The debacle of the Celsius network left the Caisse Depot et Placement du Québec (CDPQ) and its other stakeholders with only scraps. Cryptobank owners unsuccessfully seek better representation during bankruptcy proceedings.
Posted at 11:55 am
Beginning the process of selling the company’s assets on Monday, a New York bankruptcy court rejected a petition filed last September by shareholders who sought the formation of a committee to represent them. The reason? The Celsius network is “irretrievably bankrupt”.
“Plaintiff has not demonstrated that there is a substantial likelihood of recovery,” the 15-page document reads. In principle, a shareholders’ committee should not be appointed when the debtor appears to be irretrievably insolvent. »
Quebecers’ wool reserve has already canceled a 200 million investment in the controversial cryptobank, its name appeared in a request filed last month. She alleged that “everything” in the bankruptcy process revolved “around the depositors” and that shareholders were not adequately represented.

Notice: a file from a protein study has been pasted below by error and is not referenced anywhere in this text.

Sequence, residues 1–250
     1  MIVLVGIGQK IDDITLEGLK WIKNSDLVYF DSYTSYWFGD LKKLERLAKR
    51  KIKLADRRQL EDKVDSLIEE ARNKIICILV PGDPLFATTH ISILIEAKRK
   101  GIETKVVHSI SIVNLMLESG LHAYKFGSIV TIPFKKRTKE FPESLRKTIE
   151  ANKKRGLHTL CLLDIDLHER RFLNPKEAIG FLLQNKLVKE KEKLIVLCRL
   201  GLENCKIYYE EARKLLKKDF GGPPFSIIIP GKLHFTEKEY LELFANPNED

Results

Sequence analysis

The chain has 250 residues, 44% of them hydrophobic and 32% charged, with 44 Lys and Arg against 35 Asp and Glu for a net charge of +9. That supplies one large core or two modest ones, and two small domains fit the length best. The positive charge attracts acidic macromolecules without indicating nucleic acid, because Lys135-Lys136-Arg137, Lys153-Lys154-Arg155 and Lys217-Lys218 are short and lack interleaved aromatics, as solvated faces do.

The deposits of 1.7 million savers, which were frozen last June, are at risk. The sale of Celsius Network assets will enable them to limit their losses. The turn of shareholders like CDPQ will only come if there is money left over, which is unlikely.
“Accounts Receivable’s CFO testified that current liabilities exceeded (Celsius Network’s) assets by approximately $329 million,” the ruling said.
CDPQ did not comment on Monday’s New York bankruptcy court decision. The company said it was still evaluating its “legal options” in the case.
Like other cryptobanks, Celsius Network has pooled cryptocurrency deposits. It offered loans to depositors and interest, which could sometimes reach up to 17%.
The company, which has been described as a business model similar to a Ponzi scheme, filed for US bankruptcy law last July. It has been plunged into a liquidity crisis due to the fall in the prices of cryptocurrencies that started at the beginning of the year.
- 24 million US
- That’s the amount Celsius Network executives withdrew in the weeks before the freezing of deposits decreed last June.
Courts of New York